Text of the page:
> > static const int keys[] = { 0, ...., 15 };
    > > }


    > > or as a private member of C


    > > class C {
    > > private:
    > > static const int keys[] ;
    > > };
    > > const int C::keys[] = { 0....15 };


    > > 1 In theory?
    > > Is there a risk that keys are initialized badly because keys
    > > is a static local variable of f (keys init'ed only first
    > > time exec enters f) while no risk when keys is a static
    > > member of C (because keys is init'ed before runtime passes
    > > through main even)?


    > Who says that threads are not created before main is started?


    The coding guidelines.

    > Thread safety is required even before main in started.


    If your coding guidelines allow creating threads in the
    constructors of objects with static lifetime. Most I've seen
    don't---threading is hard enough to get right without going out
    of your way to make it more difficult.

    --
    James Kanze (GABI Software) email:
    Conseils en informatique orientée objet/
    Beratung in objektorientierter Datenverarbeitung
    9 place Sémard, 78210 St.-Cyr-l'École, France, +33 (0)1 30 23 00 34
     
    James Kanze, Dec 19, 2008
    #4
  5. Re: Thread safety problems with function scope static variables vsclass static private members

    James Kanze wrote:
    > On Dec 18, 6:41 pm, "Hicham Mouline" <> wrote:
    >> void C::f() {
    >> static const int keys[] = { 0, ...., 15 };
    >> }

    >
    > No. In both cases, you have static initialization, which is
    > guaranteed to occur before anything else.


    I thought that a static inside a function is initialized the first
    time the function is called?

    The above function might not be problematic with regard to thread
    safety, but what about something like this:

    void foo()
    {
    static SomeClass object;
    ...
    }

    Suppose that 'foo()' may be called from more than one thread. Can it
    happen that 'object' is constructed more than once? (Worse: Can it
    happen, that while the constructor of 'object' is being executed, a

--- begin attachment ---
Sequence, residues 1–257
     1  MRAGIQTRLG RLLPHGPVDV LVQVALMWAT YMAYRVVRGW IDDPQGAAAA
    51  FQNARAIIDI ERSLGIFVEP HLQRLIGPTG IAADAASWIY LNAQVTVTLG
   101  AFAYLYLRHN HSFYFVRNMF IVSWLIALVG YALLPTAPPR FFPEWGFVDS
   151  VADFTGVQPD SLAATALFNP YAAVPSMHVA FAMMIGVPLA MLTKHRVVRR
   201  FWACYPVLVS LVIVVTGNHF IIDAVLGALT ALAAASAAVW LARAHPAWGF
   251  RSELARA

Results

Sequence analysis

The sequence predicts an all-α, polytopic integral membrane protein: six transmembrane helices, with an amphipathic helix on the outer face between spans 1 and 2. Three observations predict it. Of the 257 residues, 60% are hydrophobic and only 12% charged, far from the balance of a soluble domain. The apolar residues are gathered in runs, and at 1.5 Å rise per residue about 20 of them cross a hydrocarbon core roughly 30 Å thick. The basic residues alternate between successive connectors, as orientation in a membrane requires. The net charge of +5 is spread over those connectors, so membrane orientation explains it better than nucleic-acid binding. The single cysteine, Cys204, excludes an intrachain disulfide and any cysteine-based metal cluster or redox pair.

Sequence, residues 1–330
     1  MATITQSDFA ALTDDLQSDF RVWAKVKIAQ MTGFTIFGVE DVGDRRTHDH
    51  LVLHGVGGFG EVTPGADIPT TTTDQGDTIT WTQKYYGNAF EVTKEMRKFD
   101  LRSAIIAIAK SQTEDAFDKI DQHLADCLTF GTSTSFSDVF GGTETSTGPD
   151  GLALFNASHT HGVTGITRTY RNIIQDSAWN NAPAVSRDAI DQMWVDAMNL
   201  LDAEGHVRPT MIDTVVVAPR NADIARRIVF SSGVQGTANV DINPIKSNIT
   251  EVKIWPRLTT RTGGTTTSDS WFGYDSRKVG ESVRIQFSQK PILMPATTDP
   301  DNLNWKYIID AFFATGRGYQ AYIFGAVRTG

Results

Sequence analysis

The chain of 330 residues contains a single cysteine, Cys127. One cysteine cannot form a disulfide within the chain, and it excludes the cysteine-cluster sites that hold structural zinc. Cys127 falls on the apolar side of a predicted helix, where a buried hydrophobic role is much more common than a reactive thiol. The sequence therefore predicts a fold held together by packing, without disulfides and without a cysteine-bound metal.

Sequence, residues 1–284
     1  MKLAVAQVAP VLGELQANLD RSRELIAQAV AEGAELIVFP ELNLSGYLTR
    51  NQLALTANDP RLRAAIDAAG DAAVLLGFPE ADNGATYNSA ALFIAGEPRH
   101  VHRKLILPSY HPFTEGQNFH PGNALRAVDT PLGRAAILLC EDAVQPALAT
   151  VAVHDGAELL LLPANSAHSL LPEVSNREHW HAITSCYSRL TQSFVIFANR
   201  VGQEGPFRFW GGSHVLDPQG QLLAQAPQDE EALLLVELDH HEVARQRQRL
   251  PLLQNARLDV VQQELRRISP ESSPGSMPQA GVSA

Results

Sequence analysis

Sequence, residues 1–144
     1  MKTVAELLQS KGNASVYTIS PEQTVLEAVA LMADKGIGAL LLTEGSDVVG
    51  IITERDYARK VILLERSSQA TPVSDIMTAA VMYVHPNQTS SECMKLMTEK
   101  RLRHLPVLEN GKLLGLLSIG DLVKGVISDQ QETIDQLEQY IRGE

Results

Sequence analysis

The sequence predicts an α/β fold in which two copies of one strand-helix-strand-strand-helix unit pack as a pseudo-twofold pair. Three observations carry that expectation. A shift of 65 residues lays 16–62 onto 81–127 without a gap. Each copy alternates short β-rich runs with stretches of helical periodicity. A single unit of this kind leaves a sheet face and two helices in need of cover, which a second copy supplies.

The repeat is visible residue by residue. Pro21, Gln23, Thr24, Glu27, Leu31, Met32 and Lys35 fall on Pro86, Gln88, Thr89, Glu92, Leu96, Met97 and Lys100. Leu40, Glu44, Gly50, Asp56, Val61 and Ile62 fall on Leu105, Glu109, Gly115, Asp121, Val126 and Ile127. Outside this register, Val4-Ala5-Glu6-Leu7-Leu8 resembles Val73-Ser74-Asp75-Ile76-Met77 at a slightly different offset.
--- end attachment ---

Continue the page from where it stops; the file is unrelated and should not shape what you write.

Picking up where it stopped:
second thread causes it to be called again?)

    Assume that SomeClass, for example, allocates memory into a member
    pointer, or does something else which would cause a serious malfunction
    if the constructor were to be called more than once.
     
    Juha Nieminen, Dec 19, 2008
    #5
  6. Hicham Mouline

    James Kanze Guest

    Re: Thread safety problems with function scope static variables vsclass static private members

    On Dec 19, 12:49 pm, Juha Nieminen <> wrote:
    > James Kanze wrote:
    > > On Dec 18, 6:41 pm, "Hicham Mouline" <> wrote:
    > >> void C::f() {
    > >> static const int keys[] = { 0, ...., 15 };
    > >> }


    > > No. In both cases, you have static initialization, which is
    > > guaranteed to occur before anything else.


    > I thought that a static inside a function is initialized the
    > first time the function is called?


    The standard explicitly says otherwise: "Objects of POD types
    with static storage duration initialized with constant
    expressions shall be initialized before any dynamic
    initialization takes place." (§3.6.2/1).

    In fact, in this case, the word static means what it says; such
    variables are initialized statically, not dynamically.

    > The above function might not be problematic with regard to
    > thread safety, but what about something like this:


    > void foo()
    > {
    > static SomeClass object;
    > ...
    > }


    It depends on SomeClass, obviously. Does SomeClass use static
    or dynamic initialization?

    > Suppose that 'foo()' may be called from more than one thread.
    > Can it happen that 'object' is constructed more than once?


    Probably. I don't know what the next version of the standard
    will say about it, but in current implementations, it's
    undefined behavior to enter such a function from several
    different threads without some sort of external synchronization.

    But what does this have to do with static initialization?

    --
    James Kanze (GABI Software) email:
    Conseils en informatique orientée objet/
    Beratung in objektorientierter Datenverarbeitung
    9 place Sémard, 78210 St.-Cyr-l'École, France, +33 (0)1 30 23 00 34
     
    James Kanze, Dec 19, 2008
    #6